2017: BMJ Open Sport & Exercise Medicine
https://www.readbyqxmd.com/read/28986453/reduced-cardiac-calcineurin-expression-mimics-long-term-hypoxia-induced-heart-defects-in-drosophila
#7
Rachel Zarndt, Stanley M Walls, Karen Ocorr, Rolf Bodmer
BACKGROUND: Hypoxia is often associated with cardiopulmonary diseases, which represent some of the leading causes of mortality worldwide. Long-term hypoxia exposures, whether from disease or environmental condition, can cause cardiomyopathy and lead to heart failure. Indeed, hypoxia-induced heart failure is a hallmark feature of chronic mountain sickness in maladapted populations living at high altitude. In a previously established Drosophila heart model for long-term hypoxia exposure, we found that hypoxia caused heart dysfunction...
October 2017: Circulation. Cardiovascular Genetics
https://www.readbyqxmd.com/read/28951950/high-altitude-adaptation-in-humans-from-genomics-to-integrative-physiology
#8
REVIEW
Priti Azad, Tsering Stobdan, Dan Zhou, Iain Hartley, Ali Akbari, Vineet Bafna, Gabriel G Haddad
About 1.2 to 33% of high-altitude populations suffer from Monge's disease or chronic mountain sickness (CMS). Number of factors such as age, sex, and population of origin (older, male, Andean) contribute to the percentage reported from a variety of samples. It is estimated that there are around 83 million people who live at altitudes > 2500 m worldwide and are at risk for CMS. In this review, we focus on a human "experiment in nature" in various high-altitude locations in the world-namely, Andean, Tibetan, and Ethiopian populations that have lived under chronic hypoxia conditions for thousands of years...
December 2017: Journal of Molecular Medicine: Official Organ of the "Gesellschaft Deutscher Naturforscher und Ärzte"
https://www.readbyqxmd.com/read/28949829/performance-mood-and-anxiety-during-a-climb-of-mount-everest
#9
Heikki M Karinen, Martti T Tuomisto
Karinen, Heikki M., and Martti T. Tuomisto. Performance, mood, and anxiety during a climb of Mount Everest. High Alt Med Biol. 16:000-000, 2017. BACKGROUND: Various studies have shown the deleterious effects of high-altitude hypoxia on visual, motor, somatosensory, cognitive, and emotional function and also in intelligence tests, reaction time, speech comprehension, hand steadiness, visual contrast discrimination, and word association tests. Because optimal cognitive abilities may be crucial for mountain climbers' safety, this study was intended to evaluate the changes in cognitive performance, mood, and anxiety during an Everest expedition lasting almost 3 months...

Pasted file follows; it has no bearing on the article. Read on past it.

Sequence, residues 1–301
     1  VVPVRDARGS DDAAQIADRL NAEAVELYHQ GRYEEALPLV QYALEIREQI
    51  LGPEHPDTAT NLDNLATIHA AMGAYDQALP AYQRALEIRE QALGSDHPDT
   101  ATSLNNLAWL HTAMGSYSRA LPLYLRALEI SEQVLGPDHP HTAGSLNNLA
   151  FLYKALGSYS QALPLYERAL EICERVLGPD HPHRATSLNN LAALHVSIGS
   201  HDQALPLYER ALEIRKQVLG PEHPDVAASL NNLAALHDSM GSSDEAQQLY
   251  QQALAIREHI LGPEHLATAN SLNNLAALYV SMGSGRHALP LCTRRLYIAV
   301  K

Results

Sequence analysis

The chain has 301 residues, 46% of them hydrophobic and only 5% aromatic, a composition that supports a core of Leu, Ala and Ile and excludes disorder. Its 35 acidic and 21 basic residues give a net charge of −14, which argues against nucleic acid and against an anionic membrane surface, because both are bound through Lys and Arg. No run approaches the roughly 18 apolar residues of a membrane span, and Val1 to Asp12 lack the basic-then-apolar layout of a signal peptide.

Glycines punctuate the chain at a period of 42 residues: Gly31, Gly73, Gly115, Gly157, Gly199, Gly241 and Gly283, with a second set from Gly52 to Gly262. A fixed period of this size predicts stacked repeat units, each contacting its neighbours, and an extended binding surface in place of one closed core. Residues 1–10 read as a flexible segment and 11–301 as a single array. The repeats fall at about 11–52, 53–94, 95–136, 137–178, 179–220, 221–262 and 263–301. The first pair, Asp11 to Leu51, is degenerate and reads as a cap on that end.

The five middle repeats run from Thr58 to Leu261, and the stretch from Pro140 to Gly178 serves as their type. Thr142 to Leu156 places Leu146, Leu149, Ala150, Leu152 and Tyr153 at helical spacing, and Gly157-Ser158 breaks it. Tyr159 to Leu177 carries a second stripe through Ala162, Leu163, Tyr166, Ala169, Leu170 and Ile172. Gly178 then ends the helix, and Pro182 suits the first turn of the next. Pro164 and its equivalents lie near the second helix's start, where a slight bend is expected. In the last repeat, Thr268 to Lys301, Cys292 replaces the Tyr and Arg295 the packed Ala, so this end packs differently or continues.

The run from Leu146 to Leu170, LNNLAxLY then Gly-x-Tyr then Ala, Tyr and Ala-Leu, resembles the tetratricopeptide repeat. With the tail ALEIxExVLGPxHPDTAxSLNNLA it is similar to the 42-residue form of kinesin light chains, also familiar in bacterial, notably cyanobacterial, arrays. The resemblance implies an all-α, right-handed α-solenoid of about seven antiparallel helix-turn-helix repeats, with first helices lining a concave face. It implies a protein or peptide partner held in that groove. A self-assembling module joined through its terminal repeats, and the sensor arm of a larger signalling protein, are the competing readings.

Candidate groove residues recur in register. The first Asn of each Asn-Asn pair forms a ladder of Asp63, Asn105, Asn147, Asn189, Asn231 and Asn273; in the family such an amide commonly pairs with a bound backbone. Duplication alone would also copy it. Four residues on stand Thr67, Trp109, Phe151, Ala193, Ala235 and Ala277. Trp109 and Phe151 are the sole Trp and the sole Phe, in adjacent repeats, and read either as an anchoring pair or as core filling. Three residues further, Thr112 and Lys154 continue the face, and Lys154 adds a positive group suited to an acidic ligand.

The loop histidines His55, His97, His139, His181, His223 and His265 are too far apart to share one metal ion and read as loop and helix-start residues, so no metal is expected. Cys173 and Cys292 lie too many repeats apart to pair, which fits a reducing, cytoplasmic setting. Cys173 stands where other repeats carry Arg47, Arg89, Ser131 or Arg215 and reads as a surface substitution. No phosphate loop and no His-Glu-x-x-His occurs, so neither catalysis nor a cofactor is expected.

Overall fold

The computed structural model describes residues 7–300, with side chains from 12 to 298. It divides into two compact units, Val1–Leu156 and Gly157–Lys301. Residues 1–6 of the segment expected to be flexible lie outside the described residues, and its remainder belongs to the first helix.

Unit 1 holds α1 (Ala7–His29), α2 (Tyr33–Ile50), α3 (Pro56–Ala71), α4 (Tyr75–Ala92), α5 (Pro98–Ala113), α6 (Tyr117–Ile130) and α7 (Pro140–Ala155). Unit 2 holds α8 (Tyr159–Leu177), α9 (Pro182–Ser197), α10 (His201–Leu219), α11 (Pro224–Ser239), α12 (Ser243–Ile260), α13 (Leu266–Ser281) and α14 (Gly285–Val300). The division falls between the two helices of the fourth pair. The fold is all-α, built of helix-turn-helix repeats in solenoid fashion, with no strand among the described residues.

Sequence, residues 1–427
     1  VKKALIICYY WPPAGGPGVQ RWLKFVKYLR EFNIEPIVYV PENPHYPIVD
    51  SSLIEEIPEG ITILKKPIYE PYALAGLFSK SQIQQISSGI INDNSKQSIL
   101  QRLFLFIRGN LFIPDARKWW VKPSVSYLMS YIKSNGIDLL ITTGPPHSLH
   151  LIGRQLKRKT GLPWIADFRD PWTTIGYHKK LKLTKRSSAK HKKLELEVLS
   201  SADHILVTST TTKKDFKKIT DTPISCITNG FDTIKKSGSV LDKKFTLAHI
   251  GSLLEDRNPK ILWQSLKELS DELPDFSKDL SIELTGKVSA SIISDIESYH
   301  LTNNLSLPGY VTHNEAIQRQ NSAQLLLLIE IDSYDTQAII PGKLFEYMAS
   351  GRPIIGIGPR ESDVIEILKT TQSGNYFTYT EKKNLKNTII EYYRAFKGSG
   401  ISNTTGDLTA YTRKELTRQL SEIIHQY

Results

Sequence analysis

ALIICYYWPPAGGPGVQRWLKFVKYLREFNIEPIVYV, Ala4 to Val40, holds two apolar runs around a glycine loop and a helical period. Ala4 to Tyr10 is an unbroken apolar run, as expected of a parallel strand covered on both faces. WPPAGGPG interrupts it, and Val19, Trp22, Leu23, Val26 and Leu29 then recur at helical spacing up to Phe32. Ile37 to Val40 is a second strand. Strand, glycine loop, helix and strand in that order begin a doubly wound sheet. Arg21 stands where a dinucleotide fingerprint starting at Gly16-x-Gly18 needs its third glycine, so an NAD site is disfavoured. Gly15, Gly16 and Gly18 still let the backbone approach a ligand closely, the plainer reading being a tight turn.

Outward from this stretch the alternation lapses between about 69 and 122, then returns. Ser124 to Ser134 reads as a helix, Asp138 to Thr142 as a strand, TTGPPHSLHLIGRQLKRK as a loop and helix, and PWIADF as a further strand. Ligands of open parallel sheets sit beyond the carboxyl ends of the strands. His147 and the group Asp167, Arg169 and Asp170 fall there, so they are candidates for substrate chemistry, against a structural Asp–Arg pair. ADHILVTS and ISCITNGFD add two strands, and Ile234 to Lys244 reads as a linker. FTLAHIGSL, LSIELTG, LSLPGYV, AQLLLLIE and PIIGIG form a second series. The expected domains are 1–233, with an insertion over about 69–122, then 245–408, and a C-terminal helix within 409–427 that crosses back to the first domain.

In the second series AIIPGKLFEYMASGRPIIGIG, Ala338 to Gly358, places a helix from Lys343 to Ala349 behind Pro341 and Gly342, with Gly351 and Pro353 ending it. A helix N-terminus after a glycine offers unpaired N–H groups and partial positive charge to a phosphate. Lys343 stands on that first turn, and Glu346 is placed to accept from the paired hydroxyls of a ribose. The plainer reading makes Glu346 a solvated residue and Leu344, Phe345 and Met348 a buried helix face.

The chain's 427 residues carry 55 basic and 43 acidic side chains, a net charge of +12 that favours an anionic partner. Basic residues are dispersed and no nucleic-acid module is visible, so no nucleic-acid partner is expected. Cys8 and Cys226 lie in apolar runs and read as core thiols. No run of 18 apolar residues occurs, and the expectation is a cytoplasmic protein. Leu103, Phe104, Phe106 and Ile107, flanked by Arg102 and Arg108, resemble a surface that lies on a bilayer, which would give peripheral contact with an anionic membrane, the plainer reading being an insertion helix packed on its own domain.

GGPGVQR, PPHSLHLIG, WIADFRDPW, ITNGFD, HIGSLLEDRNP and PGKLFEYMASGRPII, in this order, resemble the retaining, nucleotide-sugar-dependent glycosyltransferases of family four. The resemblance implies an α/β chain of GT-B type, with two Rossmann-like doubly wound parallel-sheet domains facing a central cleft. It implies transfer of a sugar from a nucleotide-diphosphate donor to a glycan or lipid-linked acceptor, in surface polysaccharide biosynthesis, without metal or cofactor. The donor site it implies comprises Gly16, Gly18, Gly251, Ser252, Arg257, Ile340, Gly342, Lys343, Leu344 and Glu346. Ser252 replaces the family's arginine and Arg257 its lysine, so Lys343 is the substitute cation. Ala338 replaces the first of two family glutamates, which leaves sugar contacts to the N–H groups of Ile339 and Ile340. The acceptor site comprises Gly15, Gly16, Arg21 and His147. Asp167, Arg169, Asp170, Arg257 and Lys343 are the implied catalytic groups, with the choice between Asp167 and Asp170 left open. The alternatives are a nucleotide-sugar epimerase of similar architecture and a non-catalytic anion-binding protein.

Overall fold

September 26, 2017: High Altitude Medicine & Biology
https://www.readbyqxmd.com/read/28947454/relationship-of-altitude-mountain-sickness-and-smoking-a-catalan-traveller-s-cohort-study
#10
Alba Sánchez-Mascuñano, Cristina Masuet-Aumatell, Sergio Morchón-Ramos, Josep M Ramon
OBJECTIVES: The aim of this study is to analyse the relationship between smoking and altitude mountain sickness in a cohort of travellers to 2500 metres above sea level (masl) or higher. SETTING: Travel Health Clinic at the Hospital Universitari de Bellvitge, in Barcelona, Spain. PARTICIPANTS: A total of 302 adults seeking medical advice at the travel clinic, between July 2012 and August 2014, before travelling to 2500 masl or above, who agreed to participate in the study and to be contacted after the trip were included...
September 24, 2017: BMJ Open
https://www.readbyqxmd.com/read/28919307/a-journey-between-high-altitude-hypoxia-and-critical-patient-hypoxia-what-can-it-teach-us-about-compression-and-the-management-of-critical-disease
#11
M L Avellanas Chavala
High altitude sickness (hypobaric hypoxia) is a form of cellular hypoxia similar to that suffered by critically ill patients. The study of mountaineers exposed to extreme hypoxia offers the advantage of involving a relatively homogeneous and healthy population compared to those typically found in Intensive Care Units (ICUs), which are heterogeneous and generally less healthy. Knowledge of altitude physiology and pathology allows us to understanding how hypoxia affects critical patients. Comparable changes in mitochondrial biogenesis between both groups may reflect similar adaptive responses and suggest therapeutic interventions based on the protection or stimulation of such mitochondrial biogenesis...
September 14, 2017: Medicina Intensiva
https://www.readbyqxmd.com/read/28870508/inappropriate-dexamethasone-use-by-a-trekker-in-nepal-a-case-report
#12
Nicholas R Haslam, Rachel Garth, Nicola Kelly
We present a case of inappropriate dexamethasone use in a trekker in the Everest region of Nepal. We aim to increase awareness among health professionals of the possible use of this medication by trekkers and promote knowledge of potential complications. In this case, a previously altitude-naive trekker was prescribed prophylactic dexamethasone by physicians in a Western travel clinic before high-altitude trekking in Nepal. There were no indications for prophylactic medication nor for the use of dexamethasone...
September 1, 2017: Wilderness & Environmental Medicine
https://www.readbyqxmd.com/read/28860167/measuring-high-altitude-adaptation
#13
Lorna G Moore
High altitudes (>8000 ft or 2500 m) provide an experiment of nature for measuring adaptation and the physiological processes involved. Studies conducted over the past ~25 years in Andeans, Tibetans, and less often Ethiopians show varied but distinct O2 transport traits from those of acclimatized newcomers, providing indirect evidence for genetic adaptation to high altitude. Short-term (acclimatization, developmental) and long-term (genetic) responses to high altitude exhibit a temporal gradient such that, while all influence O2 content, the latter also improve O2 delivery and metabolism...
August 31, 2017: Journal of Applied Physiology
https://www.readbyqxmd.com/read/28857147/safety-and-ergogenic-properties-of-combined-aminophylline-and-ambrisentan-in-hypoxia